Schools are unsure what they should teach their media studies pupils this term, following delays to the sign-off of new exams.
Several new A-level media specifications that are due to be taught for the first time this year have only been accredited by Ofqual in the last few weeks, and one is still awaiting sign-off.
Both media GCSE courses were also only waved through in July, and teachers are returning to work unsure about which specification to prepare pupils for, subject experts have warned.
Ofqual requires fresh approvals following sweeping reforms of A-level exams over the past few years, and while several other subjects have already cleared the bar, media studies is among the final tranche waiting for sign-off.
The process has been so slow, so obfuscated, so nit-picking. There are a lot of teachers who are unsure about what they are doing.
Schools had hoped to see the accredited specifications earlier this year after the regulator streamlined the process following anger over similar delays in 2016.
But while most subjects were signed off early, several were not approved until after schools broke up for the summer.
AQA’s media studies AS was not accredited until July 31, and OCR’s media studies A-level only received the go-ahead on August 31.
But AQA’s media studies A-level specification won’t even be accredited until the middle of next week at the earliest.
Ofqual claimed it is unable to accredit qualifications until it is confident that exam boards will “comply on an ongoing basis with the requirements for that qualification”.
These requirements include “fully reflecting new subject content” and providing “valid and reliable assessment”.
This year, around 25,000 pupils sat media studies at A-level and around 45,000 sat media-related GCSEs.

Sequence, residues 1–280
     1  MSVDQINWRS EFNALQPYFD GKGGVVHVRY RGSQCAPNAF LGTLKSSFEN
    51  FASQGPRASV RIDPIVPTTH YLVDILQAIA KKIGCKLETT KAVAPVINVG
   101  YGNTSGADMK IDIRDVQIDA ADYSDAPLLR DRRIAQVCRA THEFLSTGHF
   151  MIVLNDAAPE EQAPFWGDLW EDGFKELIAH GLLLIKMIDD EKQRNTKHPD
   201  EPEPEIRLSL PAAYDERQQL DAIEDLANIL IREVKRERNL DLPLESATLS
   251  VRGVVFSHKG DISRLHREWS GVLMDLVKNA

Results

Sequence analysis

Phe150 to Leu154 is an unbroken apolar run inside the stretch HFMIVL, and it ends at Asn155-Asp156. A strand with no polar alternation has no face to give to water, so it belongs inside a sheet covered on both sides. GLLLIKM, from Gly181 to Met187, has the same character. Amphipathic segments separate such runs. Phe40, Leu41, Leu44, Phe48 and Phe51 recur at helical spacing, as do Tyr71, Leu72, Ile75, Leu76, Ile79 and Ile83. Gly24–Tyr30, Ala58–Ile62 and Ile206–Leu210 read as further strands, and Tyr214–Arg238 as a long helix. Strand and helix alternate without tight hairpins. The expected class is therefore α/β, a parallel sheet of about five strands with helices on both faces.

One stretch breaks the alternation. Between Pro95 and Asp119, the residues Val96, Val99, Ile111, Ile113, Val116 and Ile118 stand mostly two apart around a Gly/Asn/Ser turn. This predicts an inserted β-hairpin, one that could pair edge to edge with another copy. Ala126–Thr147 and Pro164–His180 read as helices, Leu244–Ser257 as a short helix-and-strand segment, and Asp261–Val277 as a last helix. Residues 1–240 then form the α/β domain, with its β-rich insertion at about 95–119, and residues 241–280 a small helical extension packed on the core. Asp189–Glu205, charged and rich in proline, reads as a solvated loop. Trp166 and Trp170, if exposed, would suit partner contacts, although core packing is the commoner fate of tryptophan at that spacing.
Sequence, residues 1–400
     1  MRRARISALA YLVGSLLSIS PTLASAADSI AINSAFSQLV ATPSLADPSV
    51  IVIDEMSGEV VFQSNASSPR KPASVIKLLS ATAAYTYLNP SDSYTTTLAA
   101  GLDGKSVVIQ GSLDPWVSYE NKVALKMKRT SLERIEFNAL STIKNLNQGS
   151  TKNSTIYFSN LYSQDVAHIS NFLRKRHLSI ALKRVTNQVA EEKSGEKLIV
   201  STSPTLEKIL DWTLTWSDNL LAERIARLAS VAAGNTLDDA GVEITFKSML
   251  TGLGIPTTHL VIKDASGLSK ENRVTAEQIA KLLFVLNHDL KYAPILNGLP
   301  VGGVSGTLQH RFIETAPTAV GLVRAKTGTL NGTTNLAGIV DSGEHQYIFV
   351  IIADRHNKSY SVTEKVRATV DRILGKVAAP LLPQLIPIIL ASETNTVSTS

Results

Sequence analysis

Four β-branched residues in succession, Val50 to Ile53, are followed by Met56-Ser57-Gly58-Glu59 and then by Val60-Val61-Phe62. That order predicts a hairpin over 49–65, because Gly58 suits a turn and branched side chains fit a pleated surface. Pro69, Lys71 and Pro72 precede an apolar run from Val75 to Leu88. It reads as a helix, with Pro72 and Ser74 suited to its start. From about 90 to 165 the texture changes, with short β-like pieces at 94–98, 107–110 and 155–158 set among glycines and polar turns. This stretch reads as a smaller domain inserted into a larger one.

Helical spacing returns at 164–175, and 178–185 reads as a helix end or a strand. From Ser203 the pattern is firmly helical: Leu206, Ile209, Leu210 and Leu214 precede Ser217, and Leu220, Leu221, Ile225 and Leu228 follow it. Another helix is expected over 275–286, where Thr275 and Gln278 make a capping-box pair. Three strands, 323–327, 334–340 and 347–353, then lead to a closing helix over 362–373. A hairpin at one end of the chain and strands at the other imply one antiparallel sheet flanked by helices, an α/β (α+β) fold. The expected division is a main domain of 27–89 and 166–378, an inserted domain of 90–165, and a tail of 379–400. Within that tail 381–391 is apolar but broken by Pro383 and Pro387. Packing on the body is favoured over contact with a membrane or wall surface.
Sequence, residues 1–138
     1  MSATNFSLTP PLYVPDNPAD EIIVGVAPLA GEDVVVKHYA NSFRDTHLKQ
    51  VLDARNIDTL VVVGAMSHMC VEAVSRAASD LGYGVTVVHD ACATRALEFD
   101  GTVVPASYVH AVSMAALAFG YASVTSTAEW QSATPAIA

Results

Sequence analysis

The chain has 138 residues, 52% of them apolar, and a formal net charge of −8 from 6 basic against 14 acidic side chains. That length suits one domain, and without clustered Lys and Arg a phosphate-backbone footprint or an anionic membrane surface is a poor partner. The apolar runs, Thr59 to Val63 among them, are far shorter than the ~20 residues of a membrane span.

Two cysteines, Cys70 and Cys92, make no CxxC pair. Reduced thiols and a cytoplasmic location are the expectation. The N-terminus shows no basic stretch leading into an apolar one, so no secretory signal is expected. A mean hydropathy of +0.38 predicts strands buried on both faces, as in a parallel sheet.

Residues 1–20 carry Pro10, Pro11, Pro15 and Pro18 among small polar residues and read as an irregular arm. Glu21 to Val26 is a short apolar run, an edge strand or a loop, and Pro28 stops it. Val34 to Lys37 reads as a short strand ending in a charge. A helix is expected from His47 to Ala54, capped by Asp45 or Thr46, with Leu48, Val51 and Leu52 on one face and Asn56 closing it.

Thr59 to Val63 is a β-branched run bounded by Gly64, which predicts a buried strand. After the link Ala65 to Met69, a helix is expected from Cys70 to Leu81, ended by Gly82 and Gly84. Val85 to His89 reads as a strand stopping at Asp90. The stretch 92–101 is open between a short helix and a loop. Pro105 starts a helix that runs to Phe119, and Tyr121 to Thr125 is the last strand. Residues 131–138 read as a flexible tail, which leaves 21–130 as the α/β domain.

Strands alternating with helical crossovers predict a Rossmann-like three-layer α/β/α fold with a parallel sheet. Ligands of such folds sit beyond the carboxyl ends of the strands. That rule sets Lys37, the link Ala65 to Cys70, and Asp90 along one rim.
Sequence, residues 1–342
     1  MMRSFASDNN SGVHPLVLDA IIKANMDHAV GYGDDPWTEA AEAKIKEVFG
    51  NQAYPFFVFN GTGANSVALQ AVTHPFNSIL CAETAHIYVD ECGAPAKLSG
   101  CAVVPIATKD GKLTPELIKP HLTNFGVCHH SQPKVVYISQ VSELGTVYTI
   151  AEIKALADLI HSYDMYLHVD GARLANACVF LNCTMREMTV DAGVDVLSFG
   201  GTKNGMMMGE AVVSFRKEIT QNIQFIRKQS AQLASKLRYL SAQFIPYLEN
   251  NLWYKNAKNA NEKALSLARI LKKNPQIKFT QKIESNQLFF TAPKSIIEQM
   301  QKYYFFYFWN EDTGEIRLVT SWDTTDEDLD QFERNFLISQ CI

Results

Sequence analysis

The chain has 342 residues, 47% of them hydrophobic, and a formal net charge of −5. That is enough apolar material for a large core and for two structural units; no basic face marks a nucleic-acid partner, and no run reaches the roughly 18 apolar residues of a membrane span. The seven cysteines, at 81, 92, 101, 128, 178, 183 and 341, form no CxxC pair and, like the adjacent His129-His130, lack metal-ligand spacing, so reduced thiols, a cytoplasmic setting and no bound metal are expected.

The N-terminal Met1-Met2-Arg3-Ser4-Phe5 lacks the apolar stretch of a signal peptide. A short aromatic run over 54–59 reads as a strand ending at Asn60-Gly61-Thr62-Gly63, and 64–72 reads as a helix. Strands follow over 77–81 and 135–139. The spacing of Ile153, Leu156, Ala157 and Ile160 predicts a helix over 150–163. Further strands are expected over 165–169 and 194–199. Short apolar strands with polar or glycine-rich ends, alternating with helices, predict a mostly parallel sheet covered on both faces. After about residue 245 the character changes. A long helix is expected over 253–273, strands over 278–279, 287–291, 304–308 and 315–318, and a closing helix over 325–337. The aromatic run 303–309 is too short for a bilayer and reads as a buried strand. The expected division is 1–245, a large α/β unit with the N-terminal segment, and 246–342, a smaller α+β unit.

The accreditation delays have angered subject leaders and union leaders.
The Media Education Association (MEA) said delays in the process this year had caused “huge frustration” among teachers.
“It has been a complete nightmare, really difficult for teachers,” a spokesperson said. “The process has been so slow, so obfuscated, so nit-picking. There are a lot of teachers who are unsure about what they are doing.”
The delays also meant the MEA could not run its usual courses for teachers on the differences between specifications.
During the accreditation process, exam boards send draft specifications to Ofqual, which are then either signed off or sent back to the board with amendments requested.
Ofqual has asked AQA for further revisions to its media studies A-level by September 6.
“We’re working closely with Ofqual to get it accredited as soon as possible and we’re confident schools and colleges will have it very soon,” a spokesperson for the exam board said.
Kevin Courtney, the joint general secretary of the National Education Union, has been highly critical of delays to the accreditation process, which he said make life difficult for schools.
“This is another case where a hasty and politically-driven timetable has created serious difficulties for the work of schools,” he said.
Specifications for exams in AS and A-level statistics were also signed off during the holidays, on August 1, though Edexcel, which designed the specifications, claimed this was because it had decided to offer the subject in December 2016, partway into the school year.
The exam board WJEC Eduqas had its media studies GCSE and A-level specifications signed off by Ofqual in February.